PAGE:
A long living, perennial plant which grows freely in the wild to a height of 3 feet. Known commonly as hypericum, this herb is found natively in Britain, and throughout Europe and Asia. It's flowers are a bright and cheery yellow, which stand out clearly from its pale green foliage.
Hypericum has many medicinal qualities apart from its well known properties as a natural low to medium level anti-depressant. It has been used for centuries to treat mental disorders as well as nerve pain. In ancient times, doctors and herbalists wrote about its use as a sedative, as well as a balm for wounds, burns, and insect bites. It is used to treat anxiety, seasonal affective disorder, hormonal imbalance, and sleep disorders. It has been known to make the changes caused by menopause a lot easier to live with. And can also be used in pulmonary complaints, bladder troubles, cramps, dysentery, worms, diarrhoea, and hemorrhages. Hypericum can give relief to the measles, chicken pox, shingles and the common flu. And is known to relieve spinal paralysis in dogs and cats after a tick bite.
For children finding it difficult to overcome bed-wetting, an infusion or tea of Hypericum given before bed time has proven very effective. St. John's wort should not be used by women who are pregnant, or breastfeeding.
One of the properties of hypericum previously mentioned is its ability to work as an anti-depressant. The components of the herb which cause this effect are hypericin, psudohypericin, and xanthones. These work to inhibit the chemical monoamineoxidase, and inhibit the reduction of the chemical serotonin. Depression occurs when these chemicals are not in a particular balance within the brain. Hypericum can be used in many cases as a natural alternative to anti-depressants such as Prozac and Zoloft. It does not have as many side effects as most anti-depressants, however the effects tend to differ from person to person. It should never be used together with standard anti-depressants, unless your doctor has said there is no risk.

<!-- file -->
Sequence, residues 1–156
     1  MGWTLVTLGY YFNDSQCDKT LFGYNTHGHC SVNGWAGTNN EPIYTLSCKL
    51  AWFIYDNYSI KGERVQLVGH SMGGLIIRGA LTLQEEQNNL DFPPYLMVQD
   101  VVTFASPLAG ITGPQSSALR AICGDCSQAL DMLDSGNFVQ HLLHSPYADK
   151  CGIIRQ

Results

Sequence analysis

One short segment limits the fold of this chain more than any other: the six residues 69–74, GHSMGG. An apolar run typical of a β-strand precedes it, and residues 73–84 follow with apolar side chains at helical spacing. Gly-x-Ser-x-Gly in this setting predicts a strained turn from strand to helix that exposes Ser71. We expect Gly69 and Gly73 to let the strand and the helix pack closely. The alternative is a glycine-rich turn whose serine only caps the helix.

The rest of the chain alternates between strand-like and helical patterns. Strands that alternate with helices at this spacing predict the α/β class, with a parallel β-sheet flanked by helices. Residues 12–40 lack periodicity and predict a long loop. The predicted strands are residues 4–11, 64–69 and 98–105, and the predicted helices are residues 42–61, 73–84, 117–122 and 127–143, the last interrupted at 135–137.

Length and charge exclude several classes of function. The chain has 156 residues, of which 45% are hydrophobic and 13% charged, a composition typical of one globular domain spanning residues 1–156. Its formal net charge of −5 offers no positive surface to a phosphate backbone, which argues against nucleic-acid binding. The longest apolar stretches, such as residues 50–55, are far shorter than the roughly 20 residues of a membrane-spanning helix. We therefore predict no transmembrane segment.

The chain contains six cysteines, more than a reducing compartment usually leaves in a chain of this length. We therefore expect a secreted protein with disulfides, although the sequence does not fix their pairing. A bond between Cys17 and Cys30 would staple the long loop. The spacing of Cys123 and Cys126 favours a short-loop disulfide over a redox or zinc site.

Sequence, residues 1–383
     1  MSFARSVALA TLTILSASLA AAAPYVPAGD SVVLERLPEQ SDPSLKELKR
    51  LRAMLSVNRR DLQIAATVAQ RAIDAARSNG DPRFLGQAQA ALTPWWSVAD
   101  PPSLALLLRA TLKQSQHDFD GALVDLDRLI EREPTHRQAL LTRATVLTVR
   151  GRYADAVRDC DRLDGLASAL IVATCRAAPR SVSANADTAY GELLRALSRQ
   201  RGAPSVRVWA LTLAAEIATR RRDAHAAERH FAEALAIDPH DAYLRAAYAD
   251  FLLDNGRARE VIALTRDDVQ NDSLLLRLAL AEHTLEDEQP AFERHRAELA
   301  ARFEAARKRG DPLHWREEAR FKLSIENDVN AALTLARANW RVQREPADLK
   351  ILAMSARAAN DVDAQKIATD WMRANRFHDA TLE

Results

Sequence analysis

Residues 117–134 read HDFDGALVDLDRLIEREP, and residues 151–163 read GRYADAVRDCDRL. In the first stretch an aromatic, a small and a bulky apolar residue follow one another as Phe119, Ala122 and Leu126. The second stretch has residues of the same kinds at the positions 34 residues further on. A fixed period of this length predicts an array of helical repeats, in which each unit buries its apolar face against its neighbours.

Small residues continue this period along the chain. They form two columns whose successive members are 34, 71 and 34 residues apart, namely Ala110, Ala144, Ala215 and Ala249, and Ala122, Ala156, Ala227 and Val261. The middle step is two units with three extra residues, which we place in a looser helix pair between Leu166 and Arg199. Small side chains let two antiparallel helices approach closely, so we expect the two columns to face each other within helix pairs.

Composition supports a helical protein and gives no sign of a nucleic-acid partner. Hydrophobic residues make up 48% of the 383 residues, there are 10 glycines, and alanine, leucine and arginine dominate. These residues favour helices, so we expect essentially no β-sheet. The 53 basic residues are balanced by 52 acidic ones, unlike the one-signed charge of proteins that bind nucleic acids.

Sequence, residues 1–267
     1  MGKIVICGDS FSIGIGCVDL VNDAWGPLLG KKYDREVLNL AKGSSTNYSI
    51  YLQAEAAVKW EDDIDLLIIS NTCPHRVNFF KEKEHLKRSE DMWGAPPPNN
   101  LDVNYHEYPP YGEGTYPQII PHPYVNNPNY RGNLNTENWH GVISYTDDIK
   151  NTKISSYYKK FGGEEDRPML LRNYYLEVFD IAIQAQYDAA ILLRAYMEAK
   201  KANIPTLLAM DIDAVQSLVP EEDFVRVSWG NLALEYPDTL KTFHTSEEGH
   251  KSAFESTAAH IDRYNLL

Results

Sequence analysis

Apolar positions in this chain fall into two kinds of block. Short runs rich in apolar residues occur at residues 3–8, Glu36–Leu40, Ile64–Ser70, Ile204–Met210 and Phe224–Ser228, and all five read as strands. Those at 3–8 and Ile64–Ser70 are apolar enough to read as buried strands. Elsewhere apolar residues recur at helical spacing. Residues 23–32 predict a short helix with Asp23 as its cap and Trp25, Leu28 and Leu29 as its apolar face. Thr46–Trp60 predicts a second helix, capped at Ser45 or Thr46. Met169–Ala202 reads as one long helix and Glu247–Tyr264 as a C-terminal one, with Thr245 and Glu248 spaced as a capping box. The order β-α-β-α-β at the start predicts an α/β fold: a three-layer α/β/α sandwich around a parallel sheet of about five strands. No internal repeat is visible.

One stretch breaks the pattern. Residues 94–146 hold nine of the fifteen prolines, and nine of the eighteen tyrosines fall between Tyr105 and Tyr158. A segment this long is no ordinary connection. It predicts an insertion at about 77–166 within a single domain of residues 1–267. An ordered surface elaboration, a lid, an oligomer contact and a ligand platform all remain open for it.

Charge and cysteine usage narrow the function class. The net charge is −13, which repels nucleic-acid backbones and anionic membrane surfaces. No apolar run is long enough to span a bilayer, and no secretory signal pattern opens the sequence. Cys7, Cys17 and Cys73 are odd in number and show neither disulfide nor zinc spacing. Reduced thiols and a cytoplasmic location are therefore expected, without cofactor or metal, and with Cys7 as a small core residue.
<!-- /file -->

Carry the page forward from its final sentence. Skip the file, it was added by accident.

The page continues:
Hypericum oil can be made from the flowers infused in olive oil, and is also extracted from the many oil glands in the leaves of the plant. The essential oil can be used to massage people with spinal problems. The penetrating power of this oil is very high, although it is not aromatic. When used as a soothing dressing, the oil is also helpful to ease rashes or skin irritations which occur as a result of stress or nervous tension.
Although not commonly used in cooking, St. John's wort has in recent times been added to many herbal tea infusions, and relaxing drinks which are sold over the counter at up-market delicatessen’s.
This herb has many religious qualities, and ancient superstitions. Its name Hypericum is derived from the Greek language. It means 'over an apparition', which is a reference to the belief that the herb was so obnoxious to evil spirits that the slightest smell of it would cause them to fly. In pre-Christian religious practices, it was used as protection from apparitions.
St Johns wort* was named after St. John the Baptist. The red oil glands that mark the herb's leaves were once believed to be drops of blood, a reminder of the day the saint was beheaded. Some traditionalists believe that the best day to harvest St. John's herb is on June 24, the Feast of St. John. Interestingly, that harvest date often does yield optimal potency in the herb. It was used in many of the ceremonies and rituals. Bringing the flowers into the house on mid-summers eve would protect against the evil eye; and sleeping with a sprig of the plant under one's pillow on St. John's Eve would ensure a vision of the saint and his blessing.
Hypericum ointment is sold at heath food stores, as are other hypericum products such as tablets, herbal teas, dried flowers, and of course essential oil. You could possibly find some of these items at larger grocery stores too.
Warning: As with many substances, overuse can prove dangerous to some individuals. Only use the recommended daily dosage, and consult your herbalist or doctor if you have any concerns.
*"Wort" is an Anglo-Saxon word meaning herb.